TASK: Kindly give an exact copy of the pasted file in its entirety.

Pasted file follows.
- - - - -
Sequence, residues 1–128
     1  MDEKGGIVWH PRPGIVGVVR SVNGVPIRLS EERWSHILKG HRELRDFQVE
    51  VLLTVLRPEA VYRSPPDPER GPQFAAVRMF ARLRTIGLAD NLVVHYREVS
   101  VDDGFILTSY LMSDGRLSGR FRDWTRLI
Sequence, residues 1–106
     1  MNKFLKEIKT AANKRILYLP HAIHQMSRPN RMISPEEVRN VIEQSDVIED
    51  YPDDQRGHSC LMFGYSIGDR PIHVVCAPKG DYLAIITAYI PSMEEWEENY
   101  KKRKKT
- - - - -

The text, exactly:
Sequence, residues 1–128
     1  MDEKGGIVWH PRPGIVGVVR SVNGVPIRLS EERWSHILKG HRELRDFQVE
    51  VLLTVLRPEA VYRSPPDPER GPQFAAVRMF ARLRTIGLAD NLVVHYREVS
   101  VDDGFILTSY LMSDGRLSGR FRDWTRLI
Sequence, residues 1–106
     1  MNKFLKEIKT AANKRILYLP HAIHQMSRPN RMISPEEVRN VIEQSDVIED
    51  YPDDQRGHSC LMFGYSIGDR PIHVVCAPKG DYLAIITAYI PSMEEWEENY
   101  KKRKKT